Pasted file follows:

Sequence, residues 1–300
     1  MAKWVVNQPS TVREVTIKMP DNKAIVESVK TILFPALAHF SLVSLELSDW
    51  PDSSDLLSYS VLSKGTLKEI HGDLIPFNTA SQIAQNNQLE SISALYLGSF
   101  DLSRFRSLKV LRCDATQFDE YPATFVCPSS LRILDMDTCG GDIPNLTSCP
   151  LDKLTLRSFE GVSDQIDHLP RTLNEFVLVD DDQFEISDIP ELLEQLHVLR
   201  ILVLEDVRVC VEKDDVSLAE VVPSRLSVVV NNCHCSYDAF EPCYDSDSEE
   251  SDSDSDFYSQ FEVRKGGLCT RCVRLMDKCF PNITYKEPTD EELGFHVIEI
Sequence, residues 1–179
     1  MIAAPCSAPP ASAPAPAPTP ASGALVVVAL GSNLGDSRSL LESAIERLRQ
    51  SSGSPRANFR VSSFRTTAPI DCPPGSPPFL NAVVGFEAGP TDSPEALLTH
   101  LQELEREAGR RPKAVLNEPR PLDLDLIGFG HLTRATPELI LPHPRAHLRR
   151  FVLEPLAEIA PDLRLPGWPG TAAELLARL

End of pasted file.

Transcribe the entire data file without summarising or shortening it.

Sequence, residues 1–300
     1  MAKWVVNQPS TVREVTIKMP DNKAIVESVK TILFPALAHF SLVSLELSDW
    51  PDSSDLLSYS VLSKGTLKEI HGDLIPFNTA SQIAQNNQLE SISALYLGSF
   101  DLSRFRSLKV LRCDATQFDE YPATFVCPSS LRILDMDTCG GDIPNLTSCP
   151  LDKLTLRSFE GVSDQIDHLP RTLNEFVLVD DDQFEISDIP ELLEQLHVLR
   201  ILVLEDVRVC VEKDDVSLAE VVPSRLSVVV NNCHCSYDAF EPCYDSDSEE
   251  SDSDSDFYSQ FEVRKGGLCT RCVRLMDKCF PNITYKEPTD EELGFHVIEI
Sequence, residues 1–179
     1  MIAAPCSAPP ASAPAPAPTP ASGALVVVAL GSNLGDSRSL LESAIERLRQ
    51  SSGSPRANFR VSSFRTTAPI DCPPGSPPFL NAVVGFEAGP TDSPEALLTH
   101  LQELEREAGR RPKAVLNEPR PLDLDLIGFG HLTRATPELI LPHPRAHLRR
   151  FVLEPLAEIA PDLRLPGWPG TAAELLARL